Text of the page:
The point being that I’ve always written. If I were to quit publishing, I would still write. For myself. It’s what I do. It’s what most of us do, like breathing. 

So the follow-up question is:

Why do we publish? 

Well, I have to say that for most of us, it’s external validation. We know we write well, now we want others to believe that.

I know very few people who said, “Hey, I’ll get my stuff published because that’s a way to make lots of money!”

Now, there are people who make lots of money. I am not going to deny that.  LOTS of money. Generally, though, if a writer thinks they’ll make lots of money in publishing, they were duped by someone with something to sell. They didn’t do their homework and learn that the vast majority of authors lose money on this gamble.

But why go into this game if you’re not assured you’ll make money?

The primary answer is surely the external validation of having other people enjoy your work.  (There are other reasons, BTW. It could be a control issue, or a desire to gamble years’ work for that possible big payout, or just stubbornness. Motivation often has many factors, some of which we can’t even identify ourselves.)

 

So given that, why would someone just stop?  

I can think of a few reasons:

  1. Personal issues (health, family, dog vet bills) force the writer to invest their time/money elsewhere.
  2. Financial analysis makes the writer decide that the time invested in publishing is simply not paying off.
  3. Writer decides that they’re worn out by engaging with the public. (This can be utterly horrific in some cases.)

There are, without doubt, other reasons to step away.  An author might have a specific goal and find themselves frustrated when not meeting that goal. They may have a falling out with someone specific that sours the whole field for them. They may run into issues of an artificial ceiling that keeps them from success…but the three above catch most of it.

 

What can a reader do?  

Be supportive. Say good things about the writer and to the writer. Leave reviews or ratings. Buy their books if you can, ask your library to carry them if you can’t. Recommend the book to friends. Don’t pick up pirated books (please!)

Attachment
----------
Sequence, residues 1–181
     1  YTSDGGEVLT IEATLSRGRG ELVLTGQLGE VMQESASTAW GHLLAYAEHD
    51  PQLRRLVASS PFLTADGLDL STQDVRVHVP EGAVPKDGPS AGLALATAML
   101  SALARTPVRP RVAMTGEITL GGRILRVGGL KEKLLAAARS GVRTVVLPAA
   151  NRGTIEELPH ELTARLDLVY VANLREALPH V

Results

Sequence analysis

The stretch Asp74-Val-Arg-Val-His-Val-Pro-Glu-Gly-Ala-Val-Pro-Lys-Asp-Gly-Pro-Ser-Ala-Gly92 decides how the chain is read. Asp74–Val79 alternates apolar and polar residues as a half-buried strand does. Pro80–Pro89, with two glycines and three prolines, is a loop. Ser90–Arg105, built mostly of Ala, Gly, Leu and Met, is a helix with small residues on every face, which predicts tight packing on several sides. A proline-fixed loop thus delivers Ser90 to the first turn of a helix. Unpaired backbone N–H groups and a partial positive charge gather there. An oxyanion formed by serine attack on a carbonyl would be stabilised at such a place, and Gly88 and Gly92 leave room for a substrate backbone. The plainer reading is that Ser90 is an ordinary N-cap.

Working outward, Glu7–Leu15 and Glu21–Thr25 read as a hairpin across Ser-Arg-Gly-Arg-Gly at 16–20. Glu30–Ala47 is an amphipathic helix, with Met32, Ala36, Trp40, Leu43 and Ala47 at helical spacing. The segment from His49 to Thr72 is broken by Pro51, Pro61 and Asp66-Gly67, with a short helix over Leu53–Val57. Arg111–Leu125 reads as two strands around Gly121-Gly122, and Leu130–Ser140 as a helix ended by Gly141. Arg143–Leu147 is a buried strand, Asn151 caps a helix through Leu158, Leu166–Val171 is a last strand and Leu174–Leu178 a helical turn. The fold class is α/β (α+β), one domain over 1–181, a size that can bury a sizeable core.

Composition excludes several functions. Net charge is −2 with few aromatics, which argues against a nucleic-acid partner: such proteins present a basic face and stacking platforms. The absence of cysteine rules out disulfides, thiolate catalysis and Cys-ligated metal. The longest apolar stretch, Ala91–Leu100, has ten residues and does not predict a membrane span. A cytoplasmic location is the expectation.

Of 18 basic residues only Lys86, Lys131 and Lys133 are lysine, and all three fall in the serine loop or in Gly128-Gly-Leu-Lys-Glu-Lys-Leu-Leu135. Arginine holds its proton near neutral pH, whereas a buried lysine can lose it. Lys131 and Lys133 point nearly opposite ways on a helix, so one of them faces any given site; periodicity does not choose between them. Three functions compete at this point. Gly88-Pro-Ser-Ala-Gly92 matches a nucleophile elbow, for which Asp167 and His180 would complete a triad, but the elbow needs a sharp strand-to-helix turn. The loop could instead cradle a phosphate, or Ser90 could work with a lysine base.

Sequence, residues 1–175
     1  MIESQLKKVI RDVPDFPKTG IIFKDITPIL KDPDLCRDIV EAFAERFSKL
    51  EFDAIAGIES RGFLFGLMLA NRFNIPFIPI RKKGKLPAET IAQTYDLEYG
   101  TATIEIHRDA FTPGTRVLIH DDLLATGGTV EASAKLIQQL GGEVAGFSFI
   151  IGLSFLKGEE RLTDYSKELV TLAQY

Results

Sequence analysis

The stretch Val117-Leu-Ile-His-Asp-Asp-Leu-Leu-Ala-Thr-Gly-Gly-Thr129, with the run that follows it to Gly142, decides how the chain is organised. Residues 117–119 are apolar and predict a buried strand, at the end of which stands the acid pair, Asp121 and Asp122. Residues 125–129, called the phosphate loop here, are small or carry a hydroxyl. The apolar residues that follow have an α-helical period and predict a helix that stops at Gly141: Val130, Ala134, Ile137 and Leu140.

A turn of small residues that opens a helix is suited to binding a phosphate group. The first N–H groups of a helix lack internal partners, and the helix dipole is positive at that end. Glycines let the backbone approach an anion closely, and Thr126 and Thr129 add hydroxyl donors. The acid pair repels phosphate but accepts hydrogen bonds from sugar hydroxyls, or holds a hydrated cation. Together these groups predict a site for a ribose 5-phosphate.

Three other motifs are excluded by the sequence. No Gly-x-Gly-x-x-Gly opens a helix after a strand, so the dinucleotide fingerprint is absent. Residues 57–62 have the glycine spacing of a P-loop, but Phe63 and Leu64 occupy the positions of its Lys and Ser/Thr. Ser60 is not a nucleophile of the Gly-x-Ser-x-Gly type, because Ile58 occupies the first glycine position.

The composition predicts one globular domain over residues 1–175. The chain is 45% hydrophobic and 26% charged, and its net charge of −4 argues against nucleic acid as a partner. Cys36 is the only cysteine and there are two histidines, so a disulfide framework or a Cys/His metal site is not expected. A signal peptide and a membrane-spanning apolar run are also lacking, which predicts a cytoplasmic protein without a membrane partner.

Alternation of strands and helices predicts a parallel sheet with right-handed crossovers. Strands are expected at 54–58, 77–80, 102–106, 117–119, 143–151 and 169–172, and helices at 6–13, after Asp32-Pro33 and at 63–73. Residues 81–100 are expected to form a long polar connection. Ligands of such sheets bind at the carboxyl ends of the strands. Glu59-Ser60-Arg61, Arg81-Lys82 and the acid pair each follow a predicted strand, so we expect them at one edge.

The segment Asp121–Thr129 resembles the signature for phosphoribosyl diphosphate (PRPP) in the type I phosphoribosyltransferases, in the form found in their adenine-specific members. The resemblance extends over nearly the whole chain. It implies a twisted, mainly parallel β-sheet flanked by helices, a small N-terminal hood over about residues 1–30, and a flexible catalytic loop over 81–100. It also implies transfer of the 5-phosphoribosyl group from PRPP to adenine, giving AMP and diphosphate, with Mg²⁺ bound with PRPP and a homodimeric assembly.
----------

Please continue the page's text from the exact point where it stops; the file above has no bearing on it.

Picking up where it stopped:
Readers are not required to do any of this. It’s not their responsibility. They don’t OWE the author that. It’s a gift given to the author. It’s a kindness.

But if you want an author to keep publishing, they need those nudges.  My friend’s friend who’s dropping out? She just didn’t get enough of…something. Not enough author food to keep her going. And that’s kinda sad. 🙁

 

I’ll be breaking down what authors do over the next several weeks, talking about some of the obstacles to publication we’re facing, and some of the traps that might knock us out of the game. So stay tuned, and hopefully I’ll say something that will be helpful….to someone!

And this is, of course, just one author’s view. There are a lot of voices out there talking about these issues. I can’t speak for them all. I can’t speak for the ones who don’t talk about it. All you get from me is my take on the situation…but thanks for reading anyway!

 

 

 

Still thinking about book covers…plus update on writery.

I’m still working on learning how to do covers, and as part of that, I’m creating a series of covers in an attempt to improve my graphic abilities. (Since I’m not willing to pay for a subscription to Photoshop until I’m actually considering doing this for money, I’m cobbling together different programs to get effects I want: Paint, Paint.net, PagePro/LogoPro, and Canva)

Here’s my first one. Still needs a touch of work–I need to fix the type running across her face, add a series title, etc, but this is almost acceptable:


So considering that one in the bag (almost), I started on subject 2, and have a couple of options for this. Olympia Penn and the Haunted Lake perhaps?

Or Olympia Penn and the Blue Door? 

Either way, it has a long way to go!

 

As noted above, a bit of a catch-up on OVERSEER. I had planned (hoped) that this book would be out by August 29, but family issues and made it necessary to put that off a bit. I now am looking at a September 28 release for the last of The Horn trilogy,

The rough draft is more or less done, but I need to do another edit pass, and then get it to my copyeditor/format guy. Since I am running late, I’m hoping this will work with his schedule as well. (Also, my cover artist is really busy, so I’m concerned that getting it all together on time might be a stretch, but I am working as fast as I can.)

To that end, I purchased* an odd little writing tool. I’d seen on a blog that a writer was using a child’s typing tool to speed up his writing…an Alphasmart Neo2. These are designed to students to practice typing, and therefore have eight file spaces where typing practice can be stored and later uploaded to a computer.

When you’re done typing, you simply open a Word file (or any typing file) on your computer, attach the Alpha via USB cable, and hit send. The stored keystrokes begin to fill up the word-processing file, which is rather cool to watch.  (FYI: No special software is required on your computer to use this. Essentially, this is just a keyboard with memory and a few hardwired Applets.)

What’s most useful about this item, though, is that:

a) there’s NO internet access, so there’s no distraction, and

b) it’s not easy to edit (you can edit, it’s just not easy), so you tend to concentrate on forward progress, and

c) it’s smaller and lighter than my laptop, which makes it easier to cart around.

Since it’s powered solely by AA batteries, there’s no worrying about a charge, either. Because they were made to be used by students, they’re nearly indestructible. Plus I can be working on as many as eight different files, which is good for me since I always have multiple stories going.

On my first time using it outside the house, I got about 2.5K new words in 2 hours. I was most impressed, since in that time I usually get 1K with my laptop.